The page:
It is in this sense that I argue this agreement came into effect not because of international pressure, but fundamentally because of local power dynamics. In a way this was a historic moment where, the sovereignty of this island was at its peak, because the British constructed unitary state structure, the real source of the conflict in the island and the hold the West had on Sri Lankan state was at its weakest. The government of Sri Lanka decided to talk with the LTTE as a result of this new situation.

The International Pressure was on the 2002 CFA/MOU!

However, different powers supported the peace process for different reasons. Some, like the USA and the British, wanted breathing space to rearm the Sri Lankan state and to change the military balance in its favour.

In fact, the international pressure started mounting on the LTTE soon after the CFA/MOU was signed. The pressure was on the agreement which had radically challenged the neo-colonial unitary state and its Sinhala Buddhist Ideology.

From the very beginning of the implementation of the agreement the American/British governments with the tacit approval of the Indian government made every attempt to strengthen the power of the Sri Lankan government relative to the LTTE.
The Lankan army terrorised the Tamil population with indiscriminate shelling of schools, hospitals and religious places

This gave the government a signal that it could backtrack on the implementation of the CFA/MOU and gave succour to the ultra-nationalist forces who were opposing the whole agreement.

It is because of this international manipulation that the Sri Lankan security forces got well equipped with the blessing of global powers, and Sinhala Buddhist ultra-nationalist forces were given a moral boost.

As a result, a new government was formed with the support of the ultra-nationalist forces under the Presidency of Mahinda Rajapakse in 2005 who vowed to the Sinhalese that he would ‘unite’ the country by abrogating the CFA/MOU, in other words that he would strengthen the unitary state.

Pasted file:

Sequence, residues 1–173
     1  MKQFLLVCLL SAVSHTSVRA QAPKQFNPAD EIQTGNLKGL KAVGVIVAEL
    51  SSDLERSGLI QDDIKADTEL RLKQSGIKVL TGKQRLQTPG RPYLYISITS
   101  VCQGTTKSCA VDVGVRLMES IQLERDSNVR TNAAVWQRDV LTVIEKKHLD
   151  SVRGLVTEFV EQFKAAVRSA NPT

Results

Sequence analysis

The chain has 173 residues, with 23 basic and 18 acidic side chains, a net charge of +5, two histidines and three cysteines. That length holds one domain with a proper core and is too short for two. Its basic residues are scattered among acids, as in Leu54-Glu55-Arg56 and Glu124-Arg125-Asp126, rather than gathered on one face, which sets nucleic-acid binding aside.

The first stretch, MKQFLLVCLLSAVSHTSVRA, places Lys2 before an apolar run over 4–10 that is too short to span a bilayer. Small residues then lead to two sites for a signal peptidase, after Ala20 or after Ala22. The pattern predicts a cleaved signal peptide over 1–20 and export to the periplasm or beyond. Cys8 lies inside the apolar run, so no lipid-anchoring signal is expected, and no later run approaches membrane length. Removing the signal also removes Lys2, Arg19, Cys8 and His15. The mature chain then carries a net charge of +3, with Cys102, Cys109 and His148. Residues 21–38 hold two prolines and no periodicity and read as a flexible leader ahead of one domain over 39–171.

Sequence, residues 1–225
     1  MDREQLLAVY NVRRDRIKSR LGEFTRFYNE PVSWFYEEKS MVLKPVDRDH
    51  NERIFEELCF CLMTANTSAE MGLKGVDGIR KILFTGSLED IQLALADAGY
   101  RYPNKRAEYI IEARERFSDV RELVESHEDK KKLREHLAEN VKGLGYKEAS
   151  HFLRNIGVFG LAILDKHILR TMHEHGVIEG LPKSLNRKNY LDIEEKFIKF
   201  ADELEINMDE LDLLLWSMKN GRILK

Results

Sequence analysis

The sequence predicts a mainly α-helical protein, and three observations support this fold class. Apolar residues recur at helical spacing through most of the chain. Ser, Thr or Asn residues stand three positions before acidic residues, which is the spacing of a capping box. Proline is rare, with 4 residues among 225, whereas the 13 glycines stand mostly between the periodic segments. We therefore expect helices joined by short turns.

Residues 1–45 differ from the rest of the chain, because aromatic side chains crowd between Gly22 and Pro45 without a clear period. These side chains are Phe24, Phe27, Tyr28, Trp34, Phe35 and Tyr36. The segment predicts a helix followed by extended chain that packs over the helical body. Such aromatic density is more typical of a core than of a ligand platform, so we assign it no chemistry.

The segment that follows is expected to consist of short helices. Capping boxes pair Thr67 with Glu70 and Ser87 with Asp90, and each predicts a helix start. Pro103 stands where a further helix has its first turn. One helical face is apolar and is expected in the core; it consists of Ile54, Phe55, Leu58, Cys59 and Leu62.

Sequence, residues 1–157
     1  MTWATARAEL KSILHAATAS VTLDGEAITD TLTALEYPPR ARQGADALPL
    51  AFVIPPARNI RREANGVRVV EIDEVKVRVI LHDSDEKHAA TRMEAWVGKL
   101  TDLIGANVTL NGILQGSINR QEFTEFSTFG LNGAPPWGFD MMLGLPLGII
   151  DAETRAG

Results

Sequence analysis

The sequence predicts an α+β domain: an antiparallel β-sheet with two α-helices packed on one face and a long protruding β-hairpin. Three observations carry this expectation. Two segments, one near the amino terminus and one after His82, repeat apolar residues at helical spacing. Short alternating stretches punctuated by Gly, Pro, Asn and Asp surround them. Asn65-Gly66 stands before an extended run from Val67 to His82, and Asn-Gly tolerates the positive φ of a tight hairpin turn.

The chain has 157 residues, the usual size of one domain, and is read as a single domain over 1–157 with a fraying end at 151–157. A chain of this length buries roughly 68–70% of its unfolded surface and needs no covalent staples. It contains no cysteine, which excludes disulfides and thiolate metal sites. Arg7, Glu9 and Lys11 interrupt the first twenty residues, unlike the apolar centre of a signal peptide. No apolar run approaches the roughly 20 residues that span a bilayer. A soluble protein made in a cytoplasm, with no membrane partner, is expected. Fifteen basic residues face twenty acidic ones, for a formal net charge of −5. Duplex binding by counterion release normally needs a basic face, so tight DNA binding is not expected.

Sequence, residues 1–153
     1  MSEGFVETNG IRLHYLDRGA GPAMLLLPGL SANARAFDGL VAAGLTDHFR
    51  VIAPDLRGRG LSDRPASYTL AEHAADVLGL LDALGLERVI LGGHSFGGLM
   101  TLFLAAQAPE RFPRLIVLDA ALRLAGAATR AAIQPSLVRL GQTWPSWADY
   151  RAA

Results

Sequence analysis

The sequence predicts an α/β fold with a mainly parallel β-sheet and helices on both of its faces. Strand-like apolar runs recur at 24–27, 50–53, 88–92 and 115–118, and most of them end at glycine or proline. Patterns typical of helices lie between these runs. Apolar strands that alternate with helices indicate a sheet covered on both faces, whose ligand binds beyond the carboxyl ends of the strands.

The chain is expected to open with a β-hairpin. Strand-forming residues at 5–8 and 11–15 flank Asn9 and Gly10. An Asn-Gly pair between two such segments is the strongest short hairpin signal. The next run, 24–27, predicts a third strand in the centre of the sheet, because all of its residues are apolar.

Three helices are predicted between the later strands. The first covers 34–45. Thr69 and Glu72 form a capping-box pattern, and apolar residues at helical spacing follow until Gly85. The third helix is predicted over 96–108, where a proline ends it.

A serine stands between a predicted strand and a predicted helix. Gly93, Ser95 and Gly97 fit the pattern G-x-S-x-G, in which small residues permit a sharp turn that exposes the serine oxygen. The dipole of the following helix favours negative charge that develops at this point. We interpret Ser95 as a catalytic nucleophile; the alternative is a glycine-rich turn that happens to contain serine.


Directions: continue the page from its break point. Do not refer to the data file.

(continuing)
Under pressure from the American and British governments the EU banned the LTTE in 2006.

With the EU, seen by most observers as the strongest supporter of golden rule of the peace process, the accordance of parity of status to both sides of the conflict, breaking this cardinal rule – encouraged the GoSL to renege on peace process and thereby paved the way to re-establish the endangered Sinhala Buddhist unitary state. What happened after that?

Since then until May 2009 the massive military operations that were carried out by the Sri Lankan security forces against the Tamil region have resulted in the first genocidal massacre of the 21st century.

What was in operation was not only the Sri Lankan state’s brutal war against the Tamil resistance, but also the propaganda war of the Sri Lankan state and the global powers – which was operating in full swing.

As the massive fire power was directed towards the Tamil region, the people continued to move deeper into the LTTE-controlled areas as they have been doing throughout the last 30 years.

Contrary to the allegation that the LTTE was using the Tamil people as a human shield, the LTTE was coming between the advancing Sri Lankan army and the Tamil people – providing a shield to the people.

However, as the Sri Lankan military’s fire power continued indiscriminately, targeting civilian settlements, churches, temples, schools and hospitals, the local and global propaganda machine was spreading the news that the LTTE is holding the people as a human shield and that the people should be allowed to cross to the Sri Lankan military controlled areas and the LTTE should surrender.

Few months of propaganda have distorted not only the political truth of 60 years of Tamil resistance but also the 6 years old CFA/MOU? What is the history of Tamil resistance?

The author Dr. Jude Lal Fernando is Research Fellow and Lecturer, Irish School of Ecumenics, Trinity College, Dublin, Ireland

The second and concluding part of this article will be published next week on 28 Oct 2011

By Jude Lal Fernando

www.theweekendleader.com